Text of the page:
How the humankind must answer to the dark side of Robotics powered by AI?
About 78 years ago, back in the year, 1942 sci-fi legend Isaac Asimov laid out the popularly known Asimov’s Laws, a set of principles which the robots should follow for the future applications, these include-
• A robot may not injure a human being or, through inaction, allow a human being to come to harm.
• A robot must obey the orders given it by human beings except where such orders would conflict with the First Law.
• A robot must protect its existence as long as such protection does not conflict with the First or Second Laws.
Unfortunately, the first rule has been broken a lot of times, causing concerns about the dangers of Automation.
The gravest threat arises from the co-working Robots also called as the Cobots, who work in tandem with the human hands. This is no exaggeration, the US Department of Labor which keeps a track of robotic injuries to the workforce, lists out serious injuries in 38 pages which are caused by robotic malfunction, and that not include the manual dangers of hacking.
The insecure software systems are no help, regularly attacked by a growing number of hackers who take advantage of insecure software systems to manipulate robot programming to turn on the dark side of Robotics. In his book When Robots Kill, law professor Gabriel Hallevy discusses the criminal liability that arises from the perils of AI infiltrating the commercial, industrial, military, medical, and personal spheres.
The Threat from Robotics
Robots, when taken as those, AI-powered devices who have arms, legs or wheels, are also ramifications of kinetic IoT devices that, if hacked, can pose new serious threats that the humankind has never encountered before.
The vulnerabilities associated with Robotics will surely multiply as more investment flocks into the start-up market. Analytics Insight estimates that investments in robotics will reach new heights growing from US$34.6 billion to US$57.9 for the forecasted period spanning from 2020 to 2023 growing at a CAGR of 13.2%.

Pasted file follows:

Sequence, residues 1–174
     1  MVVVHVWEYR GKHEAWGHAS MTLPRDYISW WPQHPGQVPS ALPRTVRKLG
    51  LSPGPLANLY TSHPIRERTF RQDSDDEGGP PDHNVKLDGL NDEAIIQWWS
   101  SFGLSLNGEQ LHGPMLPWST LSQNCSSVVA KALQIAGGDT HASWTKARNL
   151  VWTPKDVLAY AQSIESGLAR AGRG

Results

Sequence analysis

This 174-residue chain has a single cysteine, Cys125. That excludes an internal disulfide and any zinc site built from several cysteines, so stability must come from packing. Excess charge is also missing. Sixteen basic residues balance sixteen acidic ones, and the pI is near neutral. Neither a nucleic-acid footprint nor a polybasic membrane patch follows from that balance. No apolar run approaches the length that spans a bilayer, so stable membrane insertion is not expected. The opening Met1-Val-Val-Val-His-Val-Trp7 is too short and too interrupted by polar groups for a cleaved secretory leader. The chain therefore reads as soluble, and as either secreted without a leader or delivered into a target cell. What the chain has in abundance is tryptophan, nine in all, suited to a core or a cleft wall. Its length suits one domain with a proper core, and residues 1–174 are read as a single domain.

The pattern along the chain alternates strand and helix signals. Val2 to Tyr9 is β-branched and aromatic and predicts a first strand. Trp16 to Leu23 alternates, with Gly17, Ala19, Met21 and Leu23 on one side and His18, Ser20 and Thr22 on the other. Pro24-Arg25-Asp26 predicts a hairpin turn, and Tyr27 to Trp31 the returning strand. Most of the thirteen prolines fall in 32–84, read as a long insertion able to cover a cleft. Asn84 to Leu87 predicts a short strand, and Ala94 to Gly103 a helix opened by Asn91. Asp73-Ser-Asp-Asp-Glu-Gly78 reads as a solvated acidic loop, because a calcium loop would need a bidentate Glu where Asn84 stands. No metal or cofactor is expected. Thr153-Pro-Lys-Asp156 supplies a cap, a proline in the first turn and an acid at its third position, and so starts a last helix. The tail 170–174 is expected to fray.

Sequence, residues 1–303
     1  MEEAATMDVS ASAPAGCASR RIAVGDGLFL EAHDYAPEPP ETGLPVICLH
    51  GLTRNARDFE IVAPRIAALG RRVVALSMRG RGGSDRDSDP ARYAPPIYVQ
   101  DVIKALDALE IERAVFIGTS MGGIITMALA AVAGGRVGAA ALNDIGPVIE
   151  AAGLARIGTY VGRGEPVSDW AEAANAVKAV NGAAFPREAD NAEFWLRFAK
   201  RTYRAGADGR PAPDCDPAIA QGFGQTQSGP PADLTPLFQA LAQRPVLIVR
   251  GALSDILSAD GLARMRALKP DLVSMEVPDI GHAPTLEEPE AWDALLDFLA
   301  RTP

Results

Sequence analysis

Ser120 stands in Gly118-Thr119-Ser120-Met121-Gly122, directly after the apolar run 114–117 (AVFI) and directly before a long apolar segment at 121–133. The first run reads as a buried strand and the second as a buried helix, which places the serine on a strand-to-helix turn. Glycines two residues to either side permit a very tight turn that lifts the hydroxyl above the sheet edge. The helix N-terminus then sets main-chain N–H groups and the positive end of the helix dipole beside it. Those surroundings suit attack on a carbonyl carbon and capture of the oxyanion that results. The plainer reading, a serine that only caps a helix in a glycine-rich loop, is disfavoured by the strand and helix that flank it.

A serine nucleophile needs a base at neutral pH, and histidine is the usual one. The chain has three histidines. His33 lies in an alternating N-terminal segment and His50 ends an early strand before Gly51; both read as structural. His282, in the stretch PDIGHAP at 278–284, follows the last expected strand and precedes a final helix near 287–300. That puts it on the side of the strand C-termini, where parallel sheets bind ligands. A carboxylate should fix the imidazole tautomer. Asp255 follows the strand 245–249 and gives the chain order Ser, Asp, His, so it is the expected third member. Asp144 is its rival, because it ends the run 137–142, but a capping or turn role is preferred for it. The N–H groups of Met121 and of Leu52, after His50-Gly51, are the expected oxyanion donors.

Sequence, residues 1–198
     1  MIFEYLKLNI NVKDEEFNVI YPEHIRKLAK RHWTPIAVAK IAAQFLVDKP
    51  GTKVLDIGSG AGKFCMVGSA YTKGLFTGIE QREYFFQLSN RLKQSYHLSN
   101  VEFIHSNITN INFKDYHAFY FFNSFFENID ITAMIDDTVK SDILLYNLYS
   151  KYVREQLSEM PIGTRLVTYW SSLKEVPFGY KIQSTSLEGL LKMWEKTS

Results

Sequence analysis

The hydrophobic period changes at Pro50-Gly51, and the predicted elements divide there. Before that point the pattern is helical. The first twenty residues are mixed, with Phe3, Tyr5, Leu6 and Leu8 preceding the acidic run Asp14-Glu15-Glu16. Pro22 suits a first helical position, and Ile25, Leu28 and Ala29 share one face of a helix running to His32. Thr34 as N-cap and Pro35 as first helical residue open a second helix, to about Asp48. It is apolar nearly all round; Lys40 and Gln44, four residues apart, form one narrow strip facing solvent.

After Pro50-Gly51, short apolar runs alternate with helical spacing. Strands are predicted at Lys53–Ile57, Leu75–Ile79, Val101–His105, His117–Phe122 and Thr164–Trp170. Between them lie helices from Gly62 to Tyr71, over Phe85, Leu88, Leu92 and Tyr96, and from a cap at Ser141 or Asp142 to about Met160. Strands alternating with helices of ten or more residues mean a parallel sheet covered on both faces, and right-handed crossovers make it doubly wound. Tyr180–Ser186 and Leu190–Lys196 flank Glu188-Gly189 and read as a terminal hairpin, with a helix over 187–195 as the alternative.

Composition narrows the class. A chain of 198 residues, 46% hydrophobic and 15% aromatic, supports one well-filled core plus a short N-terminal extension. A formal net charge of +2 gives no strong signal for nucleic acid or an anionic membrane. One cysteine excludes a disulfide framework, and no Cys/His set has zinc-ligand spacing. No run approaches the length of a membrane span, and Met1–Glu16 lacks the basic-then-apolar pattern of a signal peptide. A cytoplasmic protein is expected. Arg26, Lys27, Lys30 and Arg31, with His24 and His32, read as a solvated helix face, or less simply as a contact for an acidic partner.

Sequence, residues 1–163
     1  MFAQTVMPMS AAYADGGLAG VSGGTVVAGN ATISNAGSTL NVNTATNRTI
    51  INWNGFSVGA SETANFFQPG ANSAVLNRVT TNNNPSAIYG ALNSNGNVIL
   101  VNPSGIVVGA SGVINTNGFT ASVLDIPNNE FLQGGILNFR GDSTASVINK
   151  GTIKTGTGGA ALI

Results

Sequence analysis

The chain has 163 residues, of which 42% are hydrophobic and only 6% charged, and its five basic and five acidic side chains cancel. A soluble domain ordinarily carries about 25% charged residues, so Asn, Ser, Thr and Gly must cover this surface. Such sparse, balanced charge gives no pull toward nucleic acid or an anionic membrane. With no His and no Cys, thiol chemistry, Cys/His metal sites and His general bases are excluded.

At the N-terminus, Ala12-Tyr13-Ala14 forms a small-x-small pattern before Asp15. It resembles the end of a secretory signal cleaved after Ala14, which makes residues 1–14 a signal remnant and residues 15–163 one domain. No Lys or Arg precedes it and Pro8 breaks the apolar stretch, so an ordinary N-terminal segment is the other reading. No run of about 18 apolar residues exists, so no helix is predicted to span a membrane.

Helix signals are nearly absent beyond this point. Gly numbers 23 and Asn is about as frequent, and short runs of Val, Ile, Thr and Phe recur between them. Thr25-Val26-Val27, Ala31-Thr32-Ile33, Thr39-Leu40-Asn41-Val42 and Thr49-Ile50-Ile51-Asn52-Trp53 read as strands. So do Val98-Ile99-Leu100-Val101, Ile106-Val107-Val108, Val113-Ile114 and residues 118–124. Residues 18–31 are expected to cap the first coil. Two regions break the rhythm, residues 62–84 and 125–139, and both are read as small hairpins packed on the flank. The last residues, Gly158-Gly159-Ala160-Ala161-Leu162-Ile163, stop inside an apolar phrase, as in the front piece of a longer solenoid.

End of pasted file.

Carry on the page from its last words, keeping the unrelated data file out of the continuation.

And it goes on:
Dark Side of Robotics
Experts categorise the dark side of Robotics falling within the following parameters:
• Privacy concerns
• Weak default configuration
• Vulnerable open robot frameworks and libraries
• Insecure communications
• Authentication issues
• Missing authorization
• Weak cryptography
Here are cases when Robotics has chosen to be on the darker side of humanity-
July 4, 1981
• Who: Kenji Urada, a 37-year-old maintenance worker
• Where: Kawasaki Heavy Industries plant (Akashi, Japan)
• What happened: When a robot in Kawasaki’s state-of-the-art facility malfunctioned, Urada opened the safety barrier (an action that should’ve automatically powered down the machine), and attempted to fix the issue. The robot turned back on, stabbed Urada in the back with its arm, then crushed him.
An investigation found that many Japanese factories had a “tendency to put aside regulations” when it came to exciting new robots. The offending machine was removed from the factory and more secure fences were erected.
July 21, 2009
• Who: Ana Maria Vital, a 40-year-old factory worker
• Where: Golden State Foods (Industry, California-based meat supplier)
• What happened: Vital was overseeing a palletizer robot, a giant machine that stacked boxes. A box become stuck, and Vital entered the robot’s “cage” to pull it out — but when she did, the robot mistook her for a box and grabbed her, crushing her torso. The robot had supposedly been equipped with sensors to differentiate humans from boxes, but they had failed.
July 7, 2015
• Who: Wanda Holbrook, a 57-year-old factory technician
• Where: Ventra Ionia (Ionia, Michigan-based auto assembly factory)
• What happened: Holbrook was fixing a piece of machinery when a factory robot went “rogue.” According to a lawsuit, the robot’s arm “took [Holbrook] by surprise,” entered the section she was working in (against programming commands), and “crushed her head between a hitch assembly it was attempting to place.” She died 40 minutes later.
While laying down the principles or guidelines for Robotics, Asimov, of course, couldn’t have imagined the powers which an Automated Robot could have unleashed credit to the AI capabilities that make these machines even stronger. Killer Robots seems to suggest, especially in the context of situations like police robotics, where automatons are used to kill or apprehend suspected criminals, as well as retrieve bombs and protect citizens.
But as Killer Robots suggests, it’s next to impossible to try and prevent the misuse of robots. As long as they’re made by humans, and therefore not as smart as humans, it’s reasonable to expect there will be some hurdles to cross some much bigger than others.